Downers Grove, IL: IVP, 2004.
Mark R. Kreitzer, D. Miss., Ph. D.
Visiting Professor of Missions, Reformed Theological Seminary, Jackson, Mississippi
William Webb (Th.D., Dallas Theological Seminary) is professor of New Testament at Heritage Theological Seminary. His desire in this path-breaking volume is to introduce into the evangelical academic world a method of interpretation, which he terms a “redemptive-movement” hermeneutic. This perspective on hermeneutics, however, is not new. It was first systematized in the 1950’s by Swedish theologian and Emeritus Harvard Professor, Krister Stendahl (1921-2008) with the term “trajectory hermeneutic.”
Now to be fair, Webb rejects the terms “trajectory,” “developmental,” and “progressive” hermeneutic because, in his view, a “redemptive movement” hermeneutic emphasizes something different. Its focus does not add something extra to Scripture, he claims, but that the “derived meaning [of the hermeneutical process] is internal, not external, to the biblical text.” He desires to maintain his identity as an evangelical who holds to inerrancy. Therefore, the “redemptive spirit,” which must of necessity move beyond the text is already present in the text but only implicitly and in “seed idea” form. As the Christian movement expands through the ages, the seed idea grows ever more in the direction of the divine ideal. That ideal, however, may directly contradict what the opposing “static” method sees in the most perspicuous “words of the text in isolation” to the “underlying spirit” of the canonical context..
To find the underlying redemptive spirit and the direction Scripture is leading involves a careful analysis of three contexts: the Ancient Near Eastern cultures surrounding Israel, the Old Testament’s legal response to this ANE context, and the canonical direction Jesus and the Apostles take in dealing with the same issue. This movement from ANE cultures, to OT response, to NT response gives a direction, which then can be projected outside of the close of the canon toward an ideal which only the later generations and centuries will be able to develop. These later generations will have the perspective of hindsight and a better-developed moral sense than the NT generation.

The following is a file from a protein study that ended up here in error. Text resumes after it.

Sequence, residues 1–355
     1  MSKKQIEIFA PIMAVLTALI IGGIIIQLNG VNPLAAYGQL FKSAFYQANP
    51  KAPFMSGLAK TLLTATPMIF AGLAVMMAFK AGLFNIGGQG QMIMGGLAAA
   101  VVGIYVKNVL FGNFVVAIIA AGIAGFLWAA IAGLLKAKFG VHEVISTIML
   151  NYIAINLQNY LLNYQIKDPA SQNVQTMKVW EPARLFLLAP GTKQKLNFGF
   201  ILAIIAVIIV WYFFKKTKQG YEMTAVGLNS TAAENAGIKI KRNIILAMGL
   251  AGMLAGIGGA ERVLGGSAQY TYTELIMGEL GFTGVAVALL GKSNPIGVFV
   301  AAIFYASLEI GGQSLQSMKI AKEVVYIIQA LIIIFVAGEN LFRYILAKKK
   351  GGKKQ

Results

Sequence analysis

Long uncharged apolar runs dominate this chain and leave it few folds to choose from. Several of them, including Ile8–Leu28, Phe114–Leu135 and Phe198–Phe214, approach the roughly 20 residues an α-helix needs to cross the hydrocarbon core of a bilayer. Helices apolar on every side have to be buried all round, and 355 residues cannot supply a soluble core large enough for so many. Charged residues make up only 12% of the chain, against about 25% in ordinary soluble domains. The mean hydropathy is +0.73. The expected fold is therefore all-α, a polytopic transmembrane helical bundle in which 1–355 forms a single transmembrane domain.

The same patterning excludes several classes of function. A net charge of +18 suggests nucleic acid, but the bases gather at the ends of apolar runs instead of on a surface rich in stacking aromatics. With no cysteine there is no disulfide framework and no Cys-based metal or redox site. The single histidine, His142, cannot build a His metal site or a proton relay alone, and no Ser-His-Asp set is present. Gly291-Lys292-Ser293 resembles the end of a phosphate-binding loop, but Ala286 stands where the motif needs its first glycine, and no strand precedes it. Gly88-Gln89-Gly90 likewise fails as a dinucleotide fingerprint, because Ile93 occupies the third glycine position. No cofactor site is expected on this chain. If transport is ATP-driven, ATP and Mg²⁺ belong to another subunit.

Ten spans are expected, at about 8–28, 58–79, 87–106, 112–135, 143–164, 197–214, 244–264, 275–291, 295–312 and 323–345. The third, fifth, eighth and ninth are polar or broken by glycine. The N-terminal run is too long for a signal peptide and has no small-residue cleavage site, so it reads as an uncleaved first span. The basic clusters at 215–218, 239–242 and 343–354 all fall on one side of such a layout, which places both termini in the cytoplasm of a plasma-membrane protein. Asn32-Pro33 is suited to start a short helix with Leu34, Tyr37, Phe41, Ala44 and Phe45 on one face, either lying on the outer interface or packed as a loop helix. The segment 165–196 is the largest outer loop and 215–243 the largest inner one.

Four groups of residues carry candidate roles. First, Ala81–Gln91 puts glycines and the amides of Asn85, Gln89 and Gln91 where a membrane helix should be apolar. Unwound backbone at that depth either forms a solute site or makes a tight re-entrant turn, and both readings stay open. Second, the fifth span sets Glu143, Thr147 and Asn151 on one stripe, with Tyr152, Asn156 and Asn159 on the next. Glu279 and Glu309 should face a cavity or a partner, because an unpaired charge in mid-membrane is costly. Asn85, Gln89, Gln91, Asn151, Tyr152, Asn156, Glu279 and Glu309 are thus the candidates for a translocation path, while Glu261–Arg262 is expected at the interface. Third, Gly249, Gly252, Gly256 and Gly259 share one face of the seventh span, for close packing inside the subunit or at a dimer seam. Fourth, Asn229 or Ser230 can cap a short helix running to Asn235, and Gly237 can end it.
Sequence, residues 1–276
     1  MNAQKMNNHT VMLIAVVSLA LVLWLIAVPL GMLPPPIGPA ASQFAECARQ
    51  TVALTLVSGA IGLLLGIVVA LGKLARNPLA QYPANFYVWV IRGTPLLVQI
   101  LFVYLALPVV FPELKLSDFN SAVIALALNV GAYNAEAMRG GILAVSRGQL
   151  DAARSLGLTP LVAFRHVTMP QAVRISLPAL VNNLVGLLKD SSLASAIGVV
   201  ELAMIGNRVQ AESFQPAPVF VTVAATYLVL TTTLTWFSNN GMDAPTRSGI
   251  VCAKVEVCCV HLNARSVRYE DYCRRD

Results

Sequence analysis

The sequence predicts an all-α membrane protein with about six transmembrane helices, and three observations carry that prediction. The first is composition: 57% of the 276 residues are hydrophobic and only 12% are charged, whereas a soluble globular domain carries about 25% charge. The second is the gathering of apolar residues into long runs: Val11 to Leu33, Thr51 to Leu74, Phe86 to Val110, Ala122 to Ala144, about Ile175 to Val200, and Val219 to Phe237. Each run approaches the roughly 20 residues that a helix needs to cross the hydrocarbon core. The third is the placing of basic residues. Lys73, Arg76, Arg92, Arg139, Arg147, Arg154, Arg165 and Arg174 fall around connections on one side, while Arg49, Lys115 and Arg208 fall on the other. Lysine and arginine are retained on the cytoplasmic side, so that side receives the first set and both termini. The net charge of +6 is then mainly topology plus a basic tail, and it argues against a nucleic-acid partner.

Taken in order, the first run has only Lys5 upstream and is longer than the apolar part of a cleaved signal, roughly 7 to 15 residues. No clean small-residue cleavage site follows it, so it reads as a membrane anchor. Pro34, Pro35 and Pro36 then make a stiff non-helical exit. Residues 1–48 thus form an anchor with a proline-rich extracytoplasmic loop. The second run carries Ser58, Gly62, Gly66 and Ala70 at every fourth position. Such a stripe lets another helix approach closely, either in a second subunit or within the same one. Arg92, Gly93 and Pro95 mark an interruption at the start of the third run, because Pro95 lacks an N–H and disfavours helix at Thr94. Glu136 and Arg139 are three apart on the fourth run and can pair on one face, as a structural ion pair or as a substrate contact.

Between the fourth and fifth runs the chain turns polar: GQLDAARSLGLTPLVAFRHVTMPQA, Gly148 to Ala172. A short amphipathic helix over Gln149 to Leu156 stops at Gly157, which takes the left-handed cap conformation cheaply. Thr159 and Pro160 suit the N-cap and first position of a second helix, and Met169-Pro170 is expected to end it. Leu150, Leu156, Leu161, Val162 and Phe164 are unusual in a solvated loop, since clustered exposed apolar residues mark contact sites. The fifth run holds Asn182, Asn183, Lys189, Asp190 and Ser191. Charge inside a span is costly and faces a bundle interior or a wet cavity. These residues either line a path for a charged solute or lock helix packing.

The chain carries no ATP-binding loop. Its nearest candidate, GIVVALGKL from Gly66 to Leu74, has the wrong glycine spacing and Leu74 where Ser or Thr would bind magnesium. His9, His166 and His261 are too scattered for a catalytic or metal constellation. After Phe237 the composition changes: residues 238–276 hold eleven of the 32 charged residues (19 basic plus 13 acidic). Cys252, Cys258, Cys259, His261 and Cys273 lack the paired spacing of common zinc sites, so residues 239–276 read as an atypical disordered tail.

In summary, then, Webb’s version of a trajectory hermeneutic is a method of interpretation that seeks the ultimate meaning of a text in the “redemptive spirit” of the text, which Christ implicitly brings. It thus rejects a “static appropriation of Scripture, which understands the words of the text aside from or with minimal emphasis upon their underlying spirit and thus restricts any modern application to where the isolated words of the text fell in their original setting.” Scripture thus merely points in a direction, which the redemptive message of Jesus is moving toward. Very few if any persons in the days of the apostles could even imagine what the final outcome of the movement of the Spirit would be in the many centuries after their time. However, we who now live in the most advanced cultures of the world about 2000 years later have gained much greater insight into that ideal, than the apostles and prophets of our Lord, he implies.
William Webb systematically develops this method more than any other volume to date. He is irenic, careful, and very thorough. That is indeed impressive. To test his methodology and apply his careful scholarship, Webb uses three issues found in modernity bound Western culture. The first is slavery, which he believes advanced Western cultures have largely resolved. The intuitive principles that the West used to resolve this issue he then attempts to apply to the issues of male-female roles and last to that of homosexuality. This last issue is crucial because some evangelicals such as Peter Jones and Wayne Grudem claim that there is a slippery slope from this intuitive handling of the slavery issue, to total removal of male-female roles norms in family and church, to total acceptance of homosexuality. They claim that the same trajectory method can be and is applied to all three issues.